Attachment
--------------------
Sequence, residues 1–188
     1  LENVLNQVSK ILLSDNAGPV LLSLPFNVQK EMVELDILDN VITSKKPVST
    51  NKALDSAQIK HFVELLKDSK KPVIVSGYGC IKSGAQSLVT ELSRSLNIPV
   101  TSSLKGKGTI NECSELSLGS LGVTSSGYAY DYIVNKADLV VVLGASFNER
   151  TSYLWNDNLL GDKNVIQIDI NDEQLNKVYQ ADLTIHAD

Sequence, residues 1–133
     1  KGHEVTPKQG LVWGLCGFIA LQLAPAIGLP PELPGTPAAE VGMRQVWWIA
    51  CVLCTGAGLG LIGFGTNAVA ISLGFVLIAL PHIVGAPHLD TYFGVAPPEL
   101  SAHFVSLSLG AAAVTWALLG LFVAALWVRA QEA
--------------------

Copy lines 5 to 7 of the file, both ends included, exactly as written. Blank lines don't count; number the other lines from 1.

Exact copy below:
   151  TSYLWNDNLL GDKNVIQIDI NDEQLNKVYQ ADLTIHAD

Sequence, residues 1–133
     1  KGHEVTPKQG LVWGLCGFIA LQLAPAIGLP PELPGTPAAE VGMRQVWWIA